Organoids identify potential therapies, circuit flaws for autism-linked syndromes

Brain cell clusters serve as drug screens and reveal connectivity differences for autism-linked conditions, two new models show.

Image of organoids modeling CDKL5 deficiency disorder.
Screen time: Organoids modeling CDKL5 deficiency disorder respond to candidate drugs with reduced electrical activity.
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Brain organoids — nodes of neural tissue grown from stem cells — showed new potential to mimic autism-linked conditions in two unpublished studies presented last week at Neuroscience 2022 in San Diego, California.

In one of the studies, researchers generated cortical organoids that carry a mutation in the gene CDKL5, which causes CDKL5 deficiency disorder (CDD) — a condition linked to synaptic defects, epileptic seizures and autism traits. Researchers grew clusters derived from the cells of a person with CDD, along with control organoids derived from the cells of that person’s mother, who does not have the condition.

Both sets of organoids are made mostly of excitatory neurons and astrocytes, but they also contain immature neurons, oligodendrocytes, inhibitory neurons and neural progenitor cells, according to single-nuclei RNA sequencing. The CDD organoids display significantly stronger and more frequent calcium-signaling spikes than the controls do, and they have more synapses.

Among 5,000 different drug candidates the team exposed the organoid batches to one at a time, 22 reduce the number of calcium spikes in the CDD group but not in the controls.

The researchers are screening similar compounds that theoretically hit the same target as the 22 in the organoids, to home in on the drugs’ shared mechanisms of action.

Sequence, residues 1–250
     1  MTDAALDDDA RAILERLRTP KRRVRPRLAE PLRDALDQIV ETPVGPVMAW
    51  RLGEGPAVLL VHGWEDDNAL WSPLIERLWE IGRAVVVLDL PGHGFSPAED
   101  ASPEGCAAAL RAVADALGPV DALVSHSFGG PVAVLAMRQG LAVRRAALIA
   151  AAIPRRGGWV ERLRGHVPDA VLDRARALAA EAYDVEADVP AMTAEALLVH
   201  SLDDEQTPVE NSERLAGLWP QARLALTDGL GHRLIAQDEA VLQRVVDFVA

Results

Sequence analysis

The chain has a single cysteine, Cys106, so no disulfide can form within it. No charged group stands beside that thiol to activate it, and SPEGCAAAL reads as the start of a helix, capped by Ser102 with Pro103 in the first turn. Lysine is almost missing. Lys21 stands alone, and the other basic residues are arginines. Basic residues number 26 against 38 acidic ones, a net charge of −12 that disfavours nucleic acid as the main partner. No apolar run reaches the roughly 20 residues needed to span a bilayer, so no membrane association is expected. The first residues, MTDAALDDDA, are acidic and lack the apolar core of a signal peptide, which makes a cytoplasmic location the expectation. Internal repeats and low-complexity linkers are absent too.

“Rather than something that’s just treating symptoms, we want to be hitting something that’s in the pathway of CDKL5,” says study investigator Matthew Green, screening scientist at VyantBio, a drug discovery company in Cherry Hill, New Jersey.


n independent study employed ‘assembloids,’ clusters of cells representing multiple brain regions — in this case, the striatum and the cerebral cortex — to examine the effects of deletions in chromosomal region 22q13.3, which cause Phelan-McDermid syndrome. People with Phelan-McDermid have speech problems, seizures and, often, autism.

These assembloids, grown from cells donated by people with the condition, grow long-range neuronal projections that form synapses with distant neurons and show neuronal activity that is not seen in striatal organoids, according to a 2020 study.

The unpublished findings include new data on calcium activity in the complex organoids, says study investigator Yuki Miura, research scientist in the lab of Sergiu Pasca, associate professor of psychiatry and behavioral sciences at Stanford University in California.

In three sets of assembloids grown from cells of people with a 22q13.3 deletion, Miura and his colleagues found no significant size difference compared with three sets of control assembloids. They also saw that neuronal projections had grown to unite the cortical and striatal sections of both sets, as evidenced by calcium signaling in striatal neurons in response to optogenetic activation of the cortical sections.

The 22q13.3 assembloids, however, showed reduced network synchronization indicative of synaptic defects — results that are consistent with what is seen in people and mice, he says. The similarity supports the usefulness of organoids for experimentation and drug screening to address the clinical effects of this variant, such as seizures.

“We can see synaptic formation, but I want to improve the system with more mature cells, which can capture a later time point of development,” Miura says. He is also working on adding more cell types and additional brain regions to the model.

Read more reports from Neuroscience 2022.